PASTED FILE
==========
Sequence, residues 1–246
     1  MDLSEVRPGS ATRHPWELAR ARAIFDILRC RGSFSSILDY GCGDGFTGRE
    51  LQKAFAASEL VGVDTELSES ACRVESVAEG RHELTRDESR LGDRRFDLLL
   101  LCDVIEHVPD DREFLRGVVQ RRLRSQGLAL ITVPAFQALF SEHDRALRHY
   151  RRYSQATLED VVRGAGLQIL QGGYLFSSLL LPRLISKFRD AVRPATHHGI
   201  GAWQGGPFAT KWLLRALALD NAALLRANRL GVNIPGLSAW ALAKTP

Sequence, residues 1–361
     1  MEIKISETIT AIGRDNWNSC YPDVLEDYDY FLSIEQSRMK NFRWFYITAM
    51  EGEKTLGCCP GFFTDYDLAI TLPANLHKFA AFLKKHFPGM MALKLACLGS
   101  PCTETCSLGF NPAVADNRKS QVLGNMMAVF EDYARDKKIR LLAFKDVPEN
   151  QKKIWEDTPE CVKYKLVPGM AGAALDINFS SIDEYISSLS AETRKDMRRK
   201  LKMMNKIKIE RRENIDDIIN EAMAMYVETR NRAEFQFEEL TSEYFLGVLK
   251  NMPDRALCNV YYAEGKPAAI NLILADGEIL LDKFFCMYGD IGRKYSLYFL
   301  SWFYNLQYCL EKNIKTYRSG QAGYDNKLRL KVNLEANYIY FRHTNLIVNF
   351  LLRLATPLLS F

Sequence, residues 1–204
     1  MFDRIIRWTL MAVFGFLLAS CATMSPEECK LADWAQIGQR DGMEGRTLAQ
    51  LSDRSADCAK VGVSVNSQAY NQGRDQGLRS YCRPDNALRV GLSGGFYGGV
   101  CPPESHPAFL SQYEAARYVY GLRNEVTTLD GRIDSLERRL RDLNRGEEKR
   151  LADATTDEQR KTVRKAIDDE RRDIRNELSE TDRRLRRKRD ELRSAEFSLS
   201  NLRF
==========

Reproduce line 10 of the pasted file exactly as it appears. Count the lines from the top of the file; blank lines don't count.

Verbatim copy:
   101  PCTETCSLGF NPAVADNRKS QVLGNMMAVF EDYARDKKIR LLAFKDVPEN